The advent of seeing a team play on the road at any level is beginning.
    The stage of aggressive base-running will play itself out in various game-altering theatre - with wavering results.
    And as a result, it's affecting the individual parts. (This is currently being discussed at length on Moon's Realistic thread).

    As for you statement about hitting, it's a lot easier said than done.
    To lay off pitches way out of the zone when the mind is focusing on a 95 MPH fastball has plagued hitters since the game began.
    It has nothing to do with mental lapses. It has everything to do with team approach and player skill-set.
     
  8. You have chosen to ignore posts from SinceYaz. Show SinceYaz's posts

    Re: Mental Lapses

    In Response to Re: Mental Lapses:
    Yaz, I'm not recommending passivity at the plate. But there is a difference between being aggressive and hacking, between being dialed in and being over-anxious.  Nor am I recommending that batters should think primarily of running up pitch counts.  What I'd like to see is better concentration and smarter AB's.  When guys don't hit, they press and hit even less, and then press even more. All of this is, yes, IMO mental.  
    Posted by expitch


    Couldn't agree more.  But I'm just
    wondering how to get them to relax .....
     
  9. You have chosen to ignore posts from expitch. Show expitch's posts

    Re: Mental Lapses

    Everything is baseball is a lot easier said than done, especially hitting. 
    I disagree with your contention that swinging at bad pitches "has nothing to do with mental lapses. It has everything to do with team approach and player skill-set."  The idea that team approach leads individuals to swing at bad pitches is just plain silly.  A player whose skill set doesn't change will get into the habit of swinging at bad pitches. The problem during that stretch has to do with focus, concentration, and judgment. All mental attributes.  The skill-set is the constant.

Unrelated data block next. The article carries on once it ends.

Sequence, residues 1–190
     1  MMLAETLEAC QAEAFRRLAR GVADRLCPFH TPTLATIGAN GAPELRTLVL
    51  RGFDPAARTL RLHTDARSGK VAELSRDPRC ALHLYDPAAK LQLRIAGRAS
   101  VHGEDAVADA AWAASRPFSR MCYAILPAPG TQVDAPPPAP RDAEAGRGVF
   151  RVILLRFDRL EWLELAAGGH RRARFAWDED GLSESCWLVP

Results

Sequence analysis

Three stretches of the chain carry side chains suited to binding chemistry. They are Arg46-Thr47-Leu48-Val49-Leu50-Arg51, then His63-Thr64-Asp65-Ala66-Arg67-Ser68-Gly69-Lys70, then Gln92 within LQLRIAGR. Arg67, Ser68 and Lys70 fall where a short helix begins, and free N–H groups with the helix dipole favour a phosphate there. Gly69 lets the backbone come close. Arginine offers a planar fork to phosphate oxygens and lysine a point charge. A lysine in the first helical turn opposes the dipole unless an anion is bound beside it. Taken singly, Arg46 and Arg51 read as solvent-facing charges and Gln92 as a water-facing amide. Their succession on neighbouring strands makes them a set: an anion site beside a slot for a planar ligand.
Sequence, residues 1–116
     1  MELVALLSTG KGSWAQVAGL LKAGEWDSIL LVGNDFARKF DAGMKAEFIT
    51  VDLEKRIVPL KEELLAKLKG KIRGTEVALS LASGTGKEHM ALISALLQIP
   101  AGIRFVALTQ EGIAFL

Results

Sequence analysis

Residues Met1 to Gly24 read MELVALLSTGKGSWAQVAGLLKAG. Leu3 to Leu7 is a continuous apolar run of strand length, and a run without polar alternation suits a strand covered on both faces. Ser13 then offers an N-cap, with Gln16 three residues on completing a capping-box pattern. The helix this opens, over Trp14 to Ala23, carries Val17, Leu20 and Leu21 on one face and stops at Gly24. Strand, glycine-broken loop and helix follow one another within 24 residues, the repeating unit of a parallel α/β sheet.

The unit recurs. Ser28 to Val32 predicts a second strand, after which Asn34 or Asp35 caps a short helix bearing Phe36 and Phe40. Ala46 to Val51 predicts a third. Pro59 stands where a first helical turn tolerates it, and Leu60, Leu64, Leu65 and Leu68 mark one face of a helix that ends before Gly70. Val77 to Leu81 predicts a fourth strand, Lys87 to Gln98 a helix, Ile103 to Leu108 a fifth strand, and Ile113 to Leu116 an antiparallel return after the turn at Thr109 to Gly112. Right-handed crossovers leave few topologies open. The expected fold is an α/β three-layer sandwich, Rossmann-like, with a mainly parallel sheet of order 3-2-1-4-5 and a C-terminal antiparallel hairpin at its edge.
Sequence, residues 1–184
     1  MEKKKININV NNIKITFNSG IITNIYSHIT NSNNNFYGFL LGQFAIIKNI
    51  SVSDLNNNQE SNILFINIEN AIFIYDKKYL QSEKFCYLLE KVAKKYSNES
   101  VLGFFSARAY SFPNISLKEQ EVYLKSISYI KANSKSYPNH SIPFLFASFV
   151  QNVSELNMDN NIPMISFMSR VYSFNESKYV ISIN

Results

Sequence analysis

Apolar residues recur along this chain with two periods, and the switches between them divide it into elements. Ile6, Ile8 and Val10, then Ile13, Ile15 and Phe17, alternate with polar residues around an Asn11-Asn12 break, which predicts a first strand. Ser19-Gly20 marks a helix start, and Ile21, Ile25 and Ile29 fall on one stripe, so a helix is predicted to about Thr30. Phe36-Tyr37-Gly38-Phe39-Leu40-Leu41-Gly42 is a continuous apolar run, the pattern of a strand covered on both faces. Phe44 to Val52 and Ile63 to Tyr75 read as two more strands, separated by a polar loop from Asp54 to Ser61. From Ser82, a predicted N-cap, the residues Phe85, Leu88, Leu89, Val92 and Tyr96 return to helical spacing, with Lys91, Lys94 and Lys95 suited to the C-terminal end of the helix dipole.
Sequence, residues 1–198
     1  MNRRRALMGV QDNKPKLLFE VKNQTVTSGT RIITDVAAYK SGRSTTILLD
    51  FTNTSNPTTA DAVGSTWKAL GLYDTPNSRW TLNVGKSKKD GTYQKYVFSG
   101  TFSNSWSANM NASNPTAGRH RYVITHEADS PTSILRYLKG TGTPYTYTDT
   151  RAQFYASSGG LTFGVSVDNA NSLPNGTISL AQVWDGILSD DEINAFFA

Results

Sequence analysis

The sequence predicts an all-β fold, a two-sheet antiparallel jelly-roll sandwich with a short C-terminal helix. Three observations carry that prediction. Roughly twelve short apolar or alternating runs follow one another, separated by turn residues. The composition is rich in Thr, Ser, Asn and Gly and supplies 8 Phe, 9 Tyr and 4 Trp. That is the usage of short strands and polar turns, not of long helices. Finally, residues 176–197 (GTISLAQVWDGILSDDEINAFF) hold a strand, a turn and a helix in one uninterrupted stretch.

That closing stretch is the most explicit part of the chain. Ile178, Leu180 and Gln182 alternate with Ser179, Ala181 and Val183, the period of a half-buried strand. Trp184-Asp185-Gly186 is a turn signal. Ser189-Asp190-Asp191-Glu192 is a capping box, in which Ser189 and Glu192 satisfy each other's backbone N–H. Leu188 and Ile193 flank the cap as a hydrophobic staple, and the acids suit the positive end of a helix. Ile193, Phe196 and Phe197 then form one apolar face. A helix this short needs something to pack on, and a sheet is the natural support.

The other things are the variables.  They are not governed by team approach. 
    Players will say that they don't feel comfortable or even " feel all screwed up at the plate."  They don't say that God is lowering my skill set, or that team philosophy is messing up my head.  
    The talk about "transition" is abstract theorizing that explains nothing in particular."  It doesn't even supply a strong hint towards understanding how the Sox have played this year.
      

     
  10. You have chosen to ignore posts from SinceYaz. Show SinceYaz's posts

    Re: Mental Lapses

    Expitch - we all have to be a little mental to care so much.

      :o)
     
  11. You have chosen to ignore posts from harness. Show harness's posts

    Re: Mental Lapses

    I already mentioned that the subject of transition was being discussed on Moon's Realistic thread. It can have a wide-reaching effect.

    Boston approach to hitting is to work counts. That's been the team approach for years. They scout players with this ability, and it is reflective in most of the at bats in every game.
     
  12. You have chosen to ignore posts from expitch. Show expitch's posts

    Re: Mental Lapses

    I read the "realistic" post.  I'm not sure what it means in "It can have a wide-reaching effect."  That post speculated on the basis of theory, and was vague
    ( more aggressive ) about the actual consequences of a changed approach to hitting.
    If a team's approach is to work pitch counts, you'd think that batters would swing at fewer not more bad pitches.

     
  13. You have chosen to ignore posts from harness. Show harness's posts

    Re: Mental Lapses

    Well, here's an example: The team historically has been station-to-station.
    Now they are more athletic. Never have they had a tandem like Crawbury.
    Hitters hitting with them on base are now more involved in the potential steal/hit n'run, etc. - the approach may be leaning more to small-ball in many instances.
    "Do I give Jake a shot at 2nd and take?"
    Ells: "Do I let the hitter swing at a likely fastball on the first pitch?"

    Perhaps the focus isn't strictly on just hitting.
    This is just one small example.

    As for working counts, it's a cat n' mouse game. And it's becoming more difficult as plate discipline is now compromised by umps calling a wider strike zone. This definitely affects hitting.